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April 18, 2021

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Pennsylvania casinos to shut down amid surge in coronavirus cases

Pennsylvania casinos to shut down amid surge in coronavirus cases
“We need to slow the spread right now to save lives,” Governor Tom Wolf said.
United States | 12/11/2020

Gov. Tom Wolf announced the steps as COVID-19 cases have soared in the commonwealth. The state's 12 casinos will be closing on Saturday and will be allowed to reopen at 8 a.m. Monday, Jan. 4, 2021.

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n an attempt to combat the surge in Covid-19 cases in Pennsylvania, Gov. Tom Wolf announced on Thursday temporary measures to prohibit indoor dining in restaurants, the closure of casinos and theaters and a halt to scholastic sports.

Therefore, the state's 12 casinos will be closing Saturday as part of the state's new coronavirus restrictions, the state's Gaming Control Board said in a statement.

The following casinos will stop all gaming activities and not allow customers inside by 12:01 a.m. Saturday, Dec. 12:

  • Harrah’s Philadelphia
  • Hollywood Casino at Penn National Race Course
  • Lady Luck Nemacolin
  • Live! Casino Pittsburgh
  • Meadows Casino and Racetrack
  • Mohegan Sun Pocono
  • Mount Airy Casino Resort
  • Parx Casino
  • Presque Isle Racetrack and Casino
  • Rivers Pittsburgh
  • Valley Forge Casino and Resort
  • Wind Creek Bethlehem

Rivers Casino Philadelphia closed Nov. 20, as required by an order from the City of Philadelphia, Erie News Now reports. Casinos will be allowed to reopen at 8 a.m. Monday, Jan. 4, 2021.

The closures do not effect other forms of gaming regulated by the Gaming Control Board offered online including casino-type games, sports wagering and fantasy contests.

In a news conference, Wolf said he is imposing other limits on all businesses serving the public, capping retailers, barber shops and salons and other businesses to 50% of indoor occupancy limits. Gyms and fitness centers can offer outdoor classes but cannot offer indoor operations.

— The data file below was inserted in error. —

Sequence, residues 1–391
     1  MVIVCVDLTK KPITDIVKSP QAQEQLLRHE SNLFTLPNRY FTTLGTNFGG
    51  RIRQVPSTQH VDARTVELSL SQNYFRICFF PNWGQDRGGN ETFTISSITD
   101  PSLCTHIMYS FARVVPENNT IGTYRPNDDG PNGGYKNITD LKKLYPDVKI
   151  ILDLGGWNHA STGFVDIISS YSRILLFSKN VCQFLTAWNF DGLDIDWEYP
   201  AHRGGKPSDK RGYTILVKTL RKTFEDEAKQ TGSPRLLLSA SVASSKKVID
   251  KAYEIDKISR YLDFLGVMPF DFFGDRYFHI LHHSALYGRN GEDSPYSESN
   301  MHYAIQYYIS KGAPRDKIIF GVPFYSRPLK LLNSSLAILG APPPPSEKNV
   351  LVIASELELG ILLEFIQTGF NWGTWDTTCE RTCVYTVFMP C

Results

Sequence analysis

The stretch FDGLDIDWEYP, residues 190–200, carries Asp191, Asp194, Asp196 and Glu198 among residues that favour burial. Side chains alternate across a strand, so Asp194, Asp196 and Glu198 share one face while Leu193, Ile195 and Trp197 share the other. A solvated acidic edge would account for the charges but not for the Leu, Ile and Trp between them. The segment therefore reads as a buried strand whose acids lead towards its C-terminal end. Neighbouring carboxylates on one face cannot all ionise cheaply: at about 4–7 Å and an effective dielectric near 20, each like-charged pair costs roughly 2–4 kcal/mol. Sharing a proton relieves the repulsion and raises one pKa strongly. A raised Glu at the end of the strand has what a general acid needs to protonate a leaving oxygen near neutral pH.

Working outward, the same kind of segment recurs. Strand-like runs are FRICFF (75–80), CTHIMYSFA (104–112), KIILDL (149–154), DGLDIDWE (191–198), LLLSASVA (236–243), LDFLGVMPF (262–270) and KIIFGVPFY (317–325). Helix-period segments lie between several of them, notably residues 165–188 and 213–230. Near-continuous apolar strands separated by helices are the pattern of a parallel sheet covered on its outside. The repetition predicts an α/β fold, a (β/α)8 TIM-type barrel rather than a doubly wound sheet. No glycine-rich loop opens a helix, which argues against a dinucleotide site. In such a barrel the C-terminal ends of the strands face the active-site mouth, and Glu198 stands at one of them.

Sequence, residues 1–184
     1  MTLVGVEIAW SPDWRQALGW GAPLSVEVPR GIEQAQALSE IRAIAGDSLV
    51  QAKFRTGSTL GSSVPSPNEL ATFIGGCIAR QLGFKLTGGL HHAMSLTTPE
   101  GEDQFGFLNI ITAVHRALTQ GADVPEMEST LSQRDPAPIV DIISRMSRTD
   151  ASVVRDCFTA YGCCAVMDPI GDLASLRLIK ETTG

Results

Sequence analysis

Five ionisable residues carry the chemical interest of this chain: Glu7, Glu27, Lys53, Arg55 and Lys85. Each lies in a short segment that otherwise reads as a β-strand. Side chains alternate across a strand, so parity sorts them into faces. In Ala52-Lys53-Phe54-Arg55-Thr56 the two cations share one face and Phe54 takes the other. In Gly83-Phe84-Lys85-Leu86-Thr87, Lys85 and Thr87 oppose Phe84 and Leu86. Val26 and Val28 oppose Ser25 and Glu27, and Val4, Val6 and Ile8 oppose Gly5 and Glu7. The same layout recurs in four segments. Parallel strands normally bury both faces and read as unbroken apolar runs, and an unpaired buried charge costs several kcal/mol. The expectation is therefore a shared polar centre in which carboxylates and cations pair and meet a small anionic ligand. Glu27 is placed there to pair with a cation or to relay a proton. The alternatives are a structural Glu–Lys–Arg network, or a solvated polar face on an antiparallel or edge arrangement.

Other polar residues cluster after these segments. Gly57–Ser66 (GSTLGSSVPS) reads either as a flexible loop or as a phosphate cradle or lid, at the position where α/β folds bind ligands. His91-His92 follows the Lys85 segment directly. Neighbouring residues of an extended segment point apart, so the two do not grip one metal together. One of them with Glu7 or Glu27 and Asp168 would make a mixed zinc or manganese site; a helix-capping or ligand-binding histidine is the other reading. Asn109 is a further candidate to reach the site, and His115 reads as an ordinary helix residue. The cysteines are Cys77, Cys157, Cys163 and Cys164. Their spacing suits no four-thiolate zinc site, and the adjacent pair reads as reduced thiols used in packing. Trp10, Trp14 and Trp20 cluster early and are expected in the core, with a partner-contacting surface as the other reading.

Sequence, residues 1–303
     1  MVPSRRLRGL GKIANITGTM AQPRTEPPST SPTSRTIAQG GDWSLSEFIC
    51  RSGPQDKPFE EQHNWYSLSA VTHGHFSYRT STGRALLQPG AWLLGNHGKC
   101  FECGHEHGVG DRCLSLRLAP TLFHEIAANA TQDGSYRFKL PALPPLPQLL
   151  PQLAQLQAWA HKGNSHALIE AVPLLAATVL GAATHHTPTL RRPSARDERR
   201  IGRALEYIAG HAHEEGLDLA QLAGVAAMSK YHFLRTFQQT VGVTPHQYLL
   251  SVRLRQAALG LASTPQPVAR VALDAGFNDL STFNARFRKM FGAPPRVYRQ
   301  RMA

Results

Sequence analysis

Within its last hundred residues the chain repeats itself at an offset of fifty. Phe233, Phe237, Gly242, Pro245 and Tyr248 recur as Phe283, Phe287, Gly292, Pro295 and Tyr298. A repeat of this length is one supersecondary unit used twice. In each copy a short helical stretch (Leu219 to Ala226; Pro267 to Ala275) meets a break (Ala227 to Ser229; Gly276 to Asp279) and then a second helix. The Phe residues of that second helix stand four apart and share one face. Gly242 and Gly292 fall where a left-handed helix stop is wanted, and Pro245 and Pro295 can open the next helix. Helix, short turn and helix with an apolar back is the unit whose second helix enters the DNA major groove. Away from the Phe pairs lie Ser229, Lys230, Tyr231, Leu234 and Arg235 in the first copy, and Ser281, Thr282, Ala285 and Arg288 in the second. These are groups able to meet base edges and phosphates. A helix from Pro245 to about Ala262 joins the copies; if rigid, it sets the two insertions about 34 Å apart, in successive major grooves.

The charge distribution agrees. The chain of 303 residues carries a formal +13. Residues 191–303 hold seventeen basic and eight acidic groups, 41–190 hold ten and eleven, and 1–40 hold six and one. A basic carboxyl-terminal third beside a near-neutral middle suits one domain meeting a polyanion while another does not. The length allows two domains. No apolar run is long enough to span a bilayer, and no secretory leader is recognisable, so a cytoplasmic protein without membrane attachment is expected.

Restaurants, bars, breweries and wineries can remain open to offer outdoor dining, carryout and delivery services, Pennlive reports. Extracurricular activities at K-12 schools are suspended. Pro and college sports can continue but spectators won’t be allowed.

“We need to slow the spread right now to save lives,” Wolf said.

Most entertainment venues will be closed during that three-week span, including concert venues, movie theaters, museums, private clubs, arcades and bowling alleys.

The governor announced the steps as COVID-19 cases have soared in the commonwealth. Wolf said Wednesday he has tested positive for the coronavirus; he spoke via video from his home. During Thursday’s news conference, Wolf said he has since had a negative test for the virus.

Cases have surged in recent weeks and hospitalizations have risen sharply, according to the state Department of Health and local health care officials. The state has reported more than 10,000 new daily coronavirus cases five times in the past week, including nearly 12,000 new cases Thursday. More deaths have been reported in recent days.

Wolf said the temporary measures, while painful, can make a difference and urged Pennsylvanians to be united over the next few weeks to slow the spread of the coronavirus and to help hospitals from becoming overwhelmed.

“I’m asking we work together to turn the tide of this surge so that our communities can safely bridge the gap between where we stand today and when a vaccine is widely available,” Wolf said. 

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